The primary reason for a significant spike in cab rides in the January–March quarter this year was many companies resuming work from office at 50% capacity across cities, the report noted. Auto has been the highest growth category which gained significant market share as drivers shifted to online platforms, the report added.
However, beginning April, when the country saw a steep spike in coronavirus infections that reached an all-time single-day high of 400,000 reported cases last week, mobility was one of the first segments to get disrupted.
Shared mobility startup Yulu, which has a fleet of 10,000 electric bikes across major cities like Bengaluru, Mumbai, and Delhi, said its vehicles are being used during curfews and lockdowns by general public, frontline workers that include medical practitioners, delivery persons of online companies, government employees, shop owners that run essential services such as medicine and grocery shops, and takeaway restaurants.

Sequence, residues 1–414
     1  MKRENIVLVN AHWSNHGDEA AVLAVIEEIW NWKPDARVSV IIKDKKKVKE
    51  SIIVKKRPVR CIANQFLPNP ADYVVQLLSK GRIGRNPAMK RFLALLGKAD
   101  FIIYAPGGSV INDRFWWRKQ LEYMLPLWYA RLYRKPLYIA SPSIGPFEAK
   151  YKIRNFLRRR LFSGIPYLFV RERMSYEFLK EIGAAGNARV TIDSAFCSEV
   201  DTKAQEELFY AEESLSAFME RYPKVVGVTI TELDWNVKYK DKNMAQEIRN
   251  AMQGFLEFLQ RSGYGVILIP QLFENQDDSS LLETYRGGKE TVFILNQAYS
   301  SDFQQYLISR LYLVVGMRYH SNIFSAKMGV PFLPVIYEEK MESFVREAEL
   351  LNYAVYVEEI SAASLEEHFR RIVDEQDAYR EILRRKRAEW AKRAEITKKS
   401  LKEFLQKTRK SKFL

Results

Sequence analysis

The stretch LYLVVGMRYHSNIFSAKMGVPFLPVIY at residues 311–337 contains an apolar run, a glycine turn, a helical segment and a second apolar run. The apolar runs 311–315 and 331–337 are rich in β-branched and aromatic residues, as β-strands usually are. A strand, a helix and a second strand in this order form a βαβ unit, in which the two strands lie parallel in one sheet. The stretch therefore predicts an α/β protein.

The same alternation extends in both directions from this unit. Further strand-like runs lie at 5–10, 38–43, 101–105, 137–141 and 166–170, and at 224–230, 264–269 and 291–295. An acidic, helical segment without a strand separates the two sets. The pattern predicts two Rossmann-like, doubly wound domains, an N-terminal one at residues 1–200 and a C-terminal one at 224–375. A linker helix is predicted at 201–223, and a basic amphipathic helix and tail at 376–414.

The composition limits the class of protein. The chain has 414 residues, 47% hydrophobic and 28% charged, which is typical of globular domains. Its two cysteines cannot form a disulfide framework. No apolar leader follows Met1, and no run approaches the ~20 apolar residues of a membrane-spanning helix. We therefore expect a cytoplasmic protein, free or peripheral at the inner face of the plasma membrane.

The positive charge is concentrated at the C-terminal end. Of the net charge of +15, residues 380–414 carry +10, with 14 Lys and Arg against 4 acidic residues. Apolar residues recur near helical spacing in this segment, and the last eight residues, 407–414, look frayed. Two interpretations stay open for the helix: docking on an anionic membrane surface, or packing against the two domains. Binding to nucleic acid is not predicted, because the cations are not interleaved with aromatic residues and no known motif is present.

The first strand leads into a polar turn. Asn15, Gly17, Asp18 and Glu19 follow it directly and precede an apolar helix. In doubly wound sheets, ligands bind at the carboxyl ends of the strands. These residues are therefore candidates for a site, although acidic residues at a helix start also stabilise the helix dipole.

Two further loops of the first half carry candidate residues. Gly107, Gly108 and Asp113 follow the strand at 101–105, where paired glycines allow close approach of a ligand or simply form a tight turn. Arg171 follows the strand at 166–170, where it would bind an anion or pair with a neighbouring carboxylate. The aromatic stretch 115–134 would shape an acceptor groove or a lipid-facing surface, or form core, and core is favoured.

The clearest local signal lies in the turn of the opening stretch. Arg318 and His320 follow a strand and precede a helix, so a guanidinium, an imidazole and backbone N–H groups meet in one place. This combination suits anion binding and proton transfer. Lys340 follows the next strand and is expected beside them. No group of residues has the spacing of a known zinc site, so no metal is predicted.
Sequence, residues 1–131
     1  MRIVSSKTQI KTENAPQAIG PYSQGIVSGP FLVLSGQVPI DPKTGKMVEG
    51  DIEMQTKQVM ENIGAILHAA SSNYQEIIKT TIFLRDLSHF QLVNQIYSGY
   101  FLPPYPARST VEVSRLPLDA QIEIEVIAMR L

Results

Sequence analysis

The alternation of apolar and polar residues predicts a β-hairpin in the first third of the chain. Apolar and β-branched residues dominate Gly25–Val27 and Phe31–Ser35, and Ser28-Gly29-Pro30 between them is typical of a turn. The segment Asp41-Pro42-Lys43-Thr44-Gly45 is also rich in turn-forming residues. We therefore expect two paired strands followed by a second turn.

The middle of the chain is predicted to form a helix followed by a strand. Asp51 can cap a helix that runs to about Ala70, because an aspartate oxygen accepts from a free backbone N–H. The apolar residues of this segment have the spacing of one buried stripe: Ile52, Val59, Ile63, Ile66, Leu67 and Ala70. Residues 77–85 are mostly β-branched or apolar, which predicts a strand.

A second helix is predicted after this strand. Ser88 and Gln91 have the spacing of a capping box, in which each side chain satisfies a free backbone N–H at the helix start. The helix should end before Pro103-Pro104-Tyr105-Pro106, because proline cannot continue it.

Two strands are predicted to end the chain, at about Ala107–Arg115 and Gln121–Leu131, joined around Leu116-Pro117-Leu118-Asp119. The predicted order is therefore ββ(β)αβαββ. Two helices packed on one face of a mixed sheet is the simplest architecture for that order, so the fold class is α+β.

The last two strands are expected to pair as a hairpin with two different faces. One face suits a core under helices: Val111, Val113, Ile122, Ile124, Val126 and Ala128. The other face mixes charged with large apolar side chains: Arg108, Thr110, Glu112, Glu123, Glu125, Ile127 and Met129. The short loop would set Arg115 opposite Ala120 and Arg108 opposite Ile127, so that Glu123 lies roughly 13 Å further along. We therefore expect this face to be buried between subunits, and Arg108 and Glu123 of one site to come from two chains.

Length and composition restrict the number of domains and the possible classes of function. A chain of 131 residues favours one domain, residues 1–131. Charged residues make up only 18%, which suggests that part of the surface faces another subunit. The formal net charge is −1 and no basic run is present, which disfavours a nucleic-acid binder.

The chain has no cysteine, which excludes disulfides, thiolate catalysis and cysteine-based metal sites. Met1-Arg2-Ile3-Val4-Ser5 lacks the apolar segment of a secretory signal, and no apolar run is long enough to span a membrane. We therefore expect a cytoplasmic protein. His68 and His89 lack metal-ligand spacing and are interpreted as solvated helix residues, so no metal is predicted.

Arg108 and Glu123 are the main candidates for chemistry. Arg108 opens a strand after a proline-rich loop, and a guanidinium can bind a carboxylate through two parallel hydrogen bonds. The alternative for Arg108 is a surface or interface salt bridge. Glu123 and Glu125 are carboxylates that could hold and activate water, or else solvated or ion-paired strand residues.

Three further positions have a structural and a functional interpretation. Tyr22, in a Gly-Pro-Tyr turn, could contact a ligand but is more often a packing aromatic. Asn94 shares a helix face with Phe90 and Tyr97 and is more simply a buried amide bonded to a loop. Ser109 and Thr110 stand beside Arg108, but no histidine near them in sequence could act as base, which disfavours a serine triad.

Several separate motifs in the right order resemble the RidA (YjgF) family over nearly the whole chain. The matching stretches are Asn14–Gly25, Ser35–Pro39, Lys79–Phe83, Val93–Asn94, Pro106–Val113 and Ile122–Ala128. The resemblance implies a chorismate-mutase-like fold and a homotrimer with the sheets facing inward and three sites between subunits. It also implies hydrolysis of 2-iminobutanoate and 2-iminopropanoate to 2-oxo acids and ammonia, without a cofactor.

“Last year during the nationwide lockdown we partnered with several e-commerce companies such as Bigbasket, Licious, Dunzo, Lalamove, among others, and assisted them in fulfilling the spike in online deliveries,” Yulu co-founder Amit Gupta, told KrASIA. “This year during the lockdown and even local strikes of public transportation, our bikes are being used by the general public.”
The company said despite the pandemic, it experienced a 2.6 times growth in revenue and three times growth in margins since February 2020. “In terms of business, we witnessed a V-shaped recovery immediately after the lockdown was lifted last year. We are expecting similar trends this year as well.”
Looking out for new opportunities
The healthcare crisis has changed the way people travel and work, which is what mobility startups are dealing with at present, believes Ramu Nair, head of business operations, INVERS, a Germany-headquartered shared-mobility tech company, which works with Indian startups in this segment.